Three Whiskies to Keep at the Office

At Inventum we are not shy about our love for expensive whiskey, particularly expensive Japanese whiskey. Our clients usually realize soon that the life blood that flows through Inventum is indeed Nikka Coffee Malt Whiskey. Let’s face it, a late night the office is only as smooth as the whiskey that accompanies it.

The regions of Scotland are a diverse mosaic of whisky flavors, notes, and hues. Some honey and sweet, others smoky and peaty. Regarded as the Spartans of whiskey, Scotsmen went on to sweep whisky competitions with their Scotch. Yet in 2001 for the first time ever a Japanese whisky won Whisky Magazine’s top international prize–“Best of the Best”. Suntory, a Japanese brewer and distiller, won gold medals at the International Spirits Challenge every year since 2003. Whisky Magazine’s blind taste tests repeatedly awarded Japanese single malts. At the San Francisco World Spirits Competition, at the World Whisky awards in Glasgow, all over the world Japan collected awards beating out Scotland and Ireland and America.

Nikka Coffey Malt

Not to be confused with the Nikka Coffey Grain, this bottle is 90 proof and and will cost you 80 dollars. Being very different from the Coffey Grain, with a greater initial impression, this whisky is made in Coffey stills (a column still, not a pot still) in the Miyagikyo distillery and uses 100% malted barley as its base. The nose is all tinned peach, tropical fruit juice, and baked banana, with a surprising green celery note, coconut, and sherbet. The palate is silky, with some chocolate, biscuity oak, and orange blossom honey. Water brings those green notes forward to add freshness to the peach cobbler sweetness. The palate continues the theme. Some of the sweet and chocolate notes linger, along with a slight creamy bitterness (i.e., cappuccino). The finish is a touch more complex, layering in some chocolate raisin notes and a heavier coconut component. While it doesn’t break from the sweet stuff, it does take things out on a more interesting note than the relatively straightforward flavors of the palate.

Nikka Taketsuru Pure Malt

This is a blended malt named in honor of Masataka Taketsuru, the father of Japanese whisky. He is the first Japanese who mastered whisky-making in Scotland and produced the genuine whisky in Japan. At 80 proof and 65 dollars a bottle, this whiskey is aged on average for around 10 years in a variety of different cask types, including some sherry wood for extra richness. On the nose you have pear, orange and a touch of that syrupy fruit cocktail mix from the can. Vaguely floral too. White chocolate and vanilla cake, basically vanilla frosting like. Not a complex malt, but very well-composed and infinitely drinkable. This is a quite round and mouth-filling whisky, big and bold with lots of character. Malty grain is the major component — lots of fresh, apple-infused barley, and a body that reminds me of sweetened breakfast cereal. Less fruity pebbles and more Corn Pops. The finish is reminiscent of honey with very mild smoke, to the tune of a Highland malt. Excellent balance of sugar and grain on the finish. This is an excellent everyday malt if you wish to dabble in the wonderful world of Japanese Whiskey.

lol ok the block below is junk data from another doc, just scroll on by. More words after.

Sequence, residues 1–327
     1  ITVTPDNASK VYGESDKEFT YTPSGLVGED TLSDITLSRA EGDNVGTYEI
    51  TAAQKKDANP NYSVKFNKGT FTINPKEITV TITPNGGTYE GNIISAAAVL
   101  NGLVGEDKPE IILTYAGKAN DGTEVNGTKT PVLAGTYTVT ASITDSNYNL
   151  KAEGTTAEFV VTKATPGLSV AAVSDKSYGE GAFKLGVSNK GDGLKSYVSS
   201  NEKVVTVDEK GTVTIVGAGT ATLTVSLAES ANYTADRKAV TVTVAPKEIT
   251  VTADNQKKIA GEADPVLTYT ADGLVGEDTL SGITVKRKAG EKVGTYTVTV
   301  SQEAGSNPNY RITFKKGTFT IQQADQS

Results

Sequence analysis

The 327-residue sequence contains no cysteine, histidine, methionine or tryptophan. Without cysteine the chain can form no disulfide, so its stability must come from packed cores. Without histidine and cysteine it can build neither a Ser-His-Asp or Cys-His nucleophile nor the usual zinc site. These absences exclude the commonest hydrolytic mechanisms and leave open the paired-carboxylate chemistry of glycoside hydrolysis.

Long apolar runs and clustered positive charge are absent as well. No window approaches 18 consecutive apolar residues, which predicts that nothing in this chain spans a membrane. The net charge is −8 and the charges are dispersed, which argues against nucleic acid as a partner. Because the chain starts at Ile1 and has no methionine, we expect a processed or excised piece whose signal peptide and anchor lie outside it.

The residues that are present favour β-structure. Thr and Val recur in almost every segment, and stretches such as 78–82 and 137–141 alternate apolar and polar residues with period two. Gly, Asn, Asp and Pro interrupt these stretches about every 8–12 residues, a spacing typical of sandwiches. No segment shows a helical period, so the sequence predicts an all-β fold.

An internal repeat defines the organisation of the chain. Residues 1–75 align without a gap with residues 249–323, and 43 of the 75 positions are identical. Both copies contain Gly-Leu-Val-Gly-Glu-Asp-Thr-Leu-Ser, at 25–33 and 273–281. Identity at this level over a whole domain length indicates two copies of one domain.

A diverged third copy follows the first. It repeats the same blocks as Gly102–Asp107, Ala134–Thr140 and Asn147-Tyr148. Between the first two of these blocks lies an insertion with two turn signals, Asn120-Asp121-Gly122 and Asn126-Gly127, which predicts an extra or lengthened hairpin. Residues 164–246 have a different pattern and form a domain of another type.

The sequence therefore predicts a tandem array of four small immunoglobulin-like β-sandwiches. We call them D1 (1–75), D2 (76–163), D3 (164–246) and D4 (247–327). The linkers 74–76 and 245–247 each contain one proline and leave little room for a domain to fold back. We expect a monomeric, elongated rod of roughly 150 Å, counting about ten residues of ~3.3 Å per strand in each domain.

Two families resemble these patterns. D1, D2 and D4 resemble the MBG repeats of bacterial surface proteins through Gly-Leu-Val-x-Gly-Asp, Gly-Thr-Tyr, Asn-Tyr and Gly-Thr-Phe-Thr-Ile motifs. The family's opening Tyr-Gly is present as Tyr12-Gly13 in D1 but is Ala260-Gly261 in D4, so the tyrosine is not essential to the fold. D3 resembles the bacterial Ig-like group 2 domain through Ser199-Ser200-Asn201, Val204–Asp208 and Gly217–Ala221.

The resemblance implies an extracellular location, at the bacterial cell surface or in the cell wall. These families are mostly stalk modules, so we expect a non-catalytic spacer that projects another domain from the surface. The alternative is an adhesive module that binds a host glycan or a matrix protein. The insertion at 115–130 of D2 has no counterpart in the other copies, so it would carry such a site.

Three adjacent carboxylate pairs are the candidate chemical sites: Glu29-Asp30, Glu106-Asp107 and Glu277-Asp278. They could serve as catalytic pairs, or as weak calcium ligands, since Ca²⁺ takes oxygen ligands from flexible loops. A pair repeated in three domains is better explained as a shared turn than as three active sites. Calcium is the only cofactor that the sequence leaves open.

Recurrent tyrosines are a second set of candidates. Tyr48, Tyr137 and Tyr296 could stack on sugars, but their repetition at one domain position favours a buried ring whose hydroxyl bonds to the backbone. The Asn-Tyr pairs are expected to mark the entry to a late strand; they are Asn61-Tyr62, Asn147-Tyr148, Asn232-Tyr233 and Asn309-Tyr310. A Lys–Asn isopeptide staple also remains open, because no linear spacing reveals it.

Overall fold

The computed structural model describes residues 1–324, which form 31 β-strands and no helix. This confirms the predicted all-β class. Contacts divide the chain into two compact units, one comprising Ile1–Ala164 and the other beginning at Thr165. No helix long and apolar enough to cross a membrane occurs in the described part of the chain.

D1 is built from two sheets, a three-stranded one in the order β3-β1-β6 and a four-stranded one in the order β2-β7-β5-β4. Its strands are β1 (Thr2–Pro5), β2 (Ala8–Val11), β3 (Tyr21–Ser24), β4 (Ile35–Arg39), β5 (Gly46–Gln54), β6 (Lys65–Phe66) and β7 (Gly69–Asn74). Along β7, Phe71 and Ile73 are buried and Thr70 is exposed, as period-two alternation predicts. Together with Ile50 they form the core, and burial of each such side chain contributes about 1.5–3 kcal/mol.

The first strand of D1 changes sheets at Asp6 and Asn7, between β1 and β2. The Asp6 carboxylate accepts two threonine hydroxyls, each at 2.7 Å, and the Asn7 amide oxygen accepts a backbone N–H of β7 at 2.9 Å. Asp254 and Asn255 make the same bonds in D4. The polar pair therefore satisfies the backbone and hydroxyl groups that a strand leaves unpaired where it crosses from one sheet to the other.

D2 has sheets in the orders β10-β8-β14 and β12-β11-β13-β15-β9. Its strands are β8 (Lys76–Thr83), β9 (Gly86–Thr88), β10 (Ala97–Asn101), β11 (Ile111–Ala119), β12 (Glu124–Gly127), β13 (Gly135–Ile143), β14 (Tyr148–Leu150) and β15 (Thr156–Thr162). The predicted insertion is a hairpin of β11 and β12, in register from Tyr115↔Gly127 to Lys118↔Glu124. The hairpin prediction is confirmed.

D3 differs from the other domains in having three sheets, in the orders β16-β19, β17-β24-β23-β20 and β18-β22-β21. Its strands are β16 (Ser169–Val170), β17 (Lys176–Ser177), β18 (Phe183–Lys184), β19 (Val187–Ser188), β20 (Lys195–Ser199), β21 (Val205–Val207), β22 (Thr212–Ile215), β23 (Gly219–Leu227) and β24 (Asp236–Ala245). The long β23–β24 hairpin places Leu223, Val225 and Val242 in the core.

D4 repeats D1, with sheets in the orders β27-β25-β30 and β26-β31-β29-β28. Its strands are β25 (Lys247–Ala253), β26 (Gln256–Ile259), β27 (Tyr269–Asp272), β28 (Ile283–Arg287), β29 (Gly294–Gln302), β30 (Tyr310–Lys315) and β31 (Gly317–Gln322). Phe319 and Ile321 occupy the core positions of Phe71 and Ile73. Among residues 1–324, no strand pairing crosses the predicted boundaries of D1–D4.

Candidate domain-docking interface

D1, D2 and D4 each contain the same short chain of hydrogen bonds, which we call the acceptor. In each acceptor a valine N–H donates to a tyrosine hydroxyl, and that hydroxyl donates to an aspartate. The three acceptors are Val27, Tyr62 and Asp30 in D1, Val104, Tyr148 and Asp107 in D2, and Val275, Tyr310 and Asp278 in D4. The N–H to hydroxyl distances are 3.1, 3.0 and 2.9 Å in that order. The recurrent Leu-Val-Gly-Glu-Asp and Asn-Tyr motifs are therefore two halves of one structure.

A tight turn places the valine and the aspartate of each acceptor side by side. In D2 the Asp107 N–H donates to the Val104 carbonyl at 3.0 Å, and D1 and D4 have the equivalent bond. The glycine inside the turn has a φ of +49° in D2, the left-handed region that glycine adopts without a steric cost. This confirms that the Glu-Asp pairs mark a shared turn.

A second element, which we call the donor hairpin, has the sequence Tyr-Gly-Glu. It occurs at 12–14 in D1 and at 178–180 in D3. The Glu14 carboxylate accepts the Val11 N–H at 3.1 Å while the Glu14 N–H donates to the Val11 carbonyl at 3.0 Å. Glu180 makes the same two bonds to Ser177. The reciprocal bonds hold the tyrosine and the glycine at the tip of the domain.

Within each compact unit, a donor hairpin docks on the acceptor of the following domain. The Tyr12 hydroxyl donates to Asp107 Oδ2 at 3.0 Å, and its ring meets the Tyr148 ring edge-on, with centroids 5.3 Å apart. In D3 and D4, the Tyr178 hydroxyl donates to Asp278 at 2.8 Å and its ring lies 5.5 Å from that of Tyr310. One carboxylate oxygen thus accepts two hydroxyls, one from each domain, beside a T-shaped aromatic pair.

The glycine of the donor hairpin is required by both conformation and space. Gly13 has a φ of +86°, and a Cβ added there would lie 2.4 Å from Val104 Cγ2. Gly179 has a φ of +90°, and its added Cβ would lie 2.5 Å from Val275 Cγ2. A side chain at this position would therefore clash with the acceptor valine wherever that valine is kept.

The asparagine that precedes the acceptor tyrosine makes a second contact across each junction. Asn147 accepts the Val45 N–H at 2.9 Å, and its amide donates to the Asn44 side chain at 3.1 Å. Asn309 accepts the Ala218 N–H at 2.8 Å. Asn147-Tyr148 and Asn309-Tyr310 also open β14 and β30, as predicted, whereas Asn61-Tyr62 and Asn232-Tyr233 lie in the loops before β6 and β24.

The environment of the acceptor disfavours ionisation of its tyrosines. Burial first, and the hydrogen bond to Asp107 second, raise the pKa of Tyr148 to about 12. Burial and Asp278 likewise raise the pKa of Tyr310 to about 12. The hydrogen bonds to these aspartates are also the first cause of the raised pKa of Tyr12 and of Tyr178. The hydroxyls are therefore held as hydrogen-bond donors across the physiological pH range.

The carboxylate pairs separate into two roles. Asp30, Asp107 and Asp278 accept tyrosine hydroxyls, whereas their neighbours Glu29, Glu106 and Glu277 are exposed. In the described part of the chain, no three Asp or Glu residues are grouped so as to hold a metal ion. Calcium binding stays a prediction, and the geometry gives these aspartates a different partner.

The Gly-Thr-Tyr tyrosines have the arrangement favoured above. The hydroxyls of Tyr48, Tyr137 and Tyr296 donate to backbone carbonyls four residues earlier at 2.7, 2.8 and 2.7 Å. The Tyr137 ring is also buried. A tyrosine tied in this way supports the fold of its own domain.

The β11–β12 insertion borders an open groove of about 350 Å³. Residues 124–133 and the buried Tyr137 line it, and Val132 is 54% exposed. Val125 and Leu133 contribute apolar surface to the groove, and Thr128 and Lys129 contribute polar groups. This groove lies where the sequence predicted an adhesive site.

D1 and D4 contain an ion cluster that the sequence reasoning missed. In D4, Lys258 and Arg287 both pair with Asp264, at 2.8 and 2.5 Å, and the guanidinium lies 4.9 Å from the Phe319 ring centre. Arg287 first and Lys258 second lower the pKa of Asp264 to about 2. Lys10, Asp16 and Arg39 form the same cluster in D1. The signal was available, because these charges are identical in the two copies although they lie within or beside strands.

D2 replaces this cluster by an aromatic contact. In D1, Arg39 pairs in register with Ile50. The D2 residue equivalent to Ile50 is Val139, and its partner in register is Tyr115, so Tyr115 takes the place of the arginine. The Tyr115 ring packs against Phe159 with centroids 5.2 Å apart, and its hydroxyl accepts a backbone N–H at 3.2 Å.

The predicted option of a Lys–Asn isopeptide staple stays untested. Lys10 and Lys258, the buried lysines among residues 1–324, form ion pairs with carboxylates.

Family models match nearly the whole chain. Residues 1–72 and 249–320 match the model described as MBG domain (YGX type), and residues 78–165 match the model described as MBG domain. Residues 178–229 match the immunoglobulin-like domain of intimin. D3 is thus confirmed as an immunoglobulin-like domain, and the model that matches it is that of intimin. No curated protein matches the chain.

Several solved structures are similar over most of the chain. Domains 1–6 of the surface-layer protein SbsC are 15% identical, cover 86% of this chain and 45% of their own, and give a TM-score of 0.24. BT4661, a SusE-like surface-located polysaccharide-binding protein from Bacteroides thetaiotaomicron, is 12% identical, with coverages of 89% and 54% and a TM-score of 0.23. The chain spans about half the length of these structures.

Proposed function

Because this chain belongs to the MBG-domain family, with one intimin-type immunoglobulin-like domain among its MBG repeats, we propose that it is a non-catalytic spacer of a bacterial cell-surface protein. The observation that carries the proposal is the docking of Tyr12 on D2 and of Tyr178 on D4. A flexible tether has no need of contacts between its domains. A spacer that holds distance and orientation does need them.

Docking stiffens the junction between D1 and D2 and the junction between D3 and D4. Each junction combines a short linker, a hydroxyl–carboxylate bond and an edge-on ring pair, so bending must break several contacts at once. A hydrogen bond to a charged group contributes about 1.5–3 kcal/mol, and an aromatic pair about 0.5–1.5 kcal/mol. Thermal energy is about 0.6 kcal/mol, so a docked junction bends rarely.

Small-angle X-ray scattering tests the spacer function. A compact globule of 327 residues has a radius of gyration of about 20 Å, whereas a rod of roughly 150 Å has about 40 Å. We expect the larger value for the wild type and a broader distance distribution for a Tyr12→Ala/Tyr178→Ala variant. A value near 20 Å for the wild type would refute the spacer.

Kavalan Concertmaster — Port Cask Finish

The Taiwanese do it better than the Scots these days,” states Chuck Rhoades, the character portrayed by Paul Giamatti on the Showtime series Billions. Taiwanese whisky? That’s right. Say hello to Kavalan. Difficult to find stateside currently, this bottle is 80 proof and will cost you 110 dollars a bottle. Concertmaster won a 2013 gold from the Beverage Tasting Institute, and a 2011 silver and best in class at the International Wine and Spirits Competition.

Kavalan Concertmaster Single Malt Whisky is finished utilizing several different varieties of Port casks, including Ruby Port, Tawny Port and Vintage Port, that being the “concert.” First though, Concertmaster is aged in American oak casks. While the port-finish has become a feature of whiskey-making around the world, it often focuses on just one type of port. Two would be very unusual, and three is just unheard of. Concertmaster is a brownish gold in the glass, with a tinge of deep red breaking through. On the nose, you’ll find sweet red wine and plenty of Port. There’s chocolate, raspberry and other berry fruits, and also a lighter profile of tropical fruits and honey. It’s an inviting and diverse bouquet which gets you excited to take that first sip. Very “earthy” sweet grape flavors up front, like figs, dates, raisins, black currants — even stewed prunes. Then a dry maltiness quickly appears which makes a great contrast to the initial port-infused flavors. Mouth feel is pleasantly thick and viscous thanks to the malt. Even with the port influence you won’t find this to be overly sweet. The finish unfortunately falls flat, as if the orchard of leathery fruits just vanished. I also agree with many that the palate doesn’t necessarily match up entirely to the promise of the nose. But I still find it quite acceptable and enjoyable for a Port finished whisky. If you’re lucky enough to get your hands on a bottle of Taiwanese Whiskey, it’s a quite impressive add to your collection and a great conversation piece even for the bigger fans of Japanese Whiskey.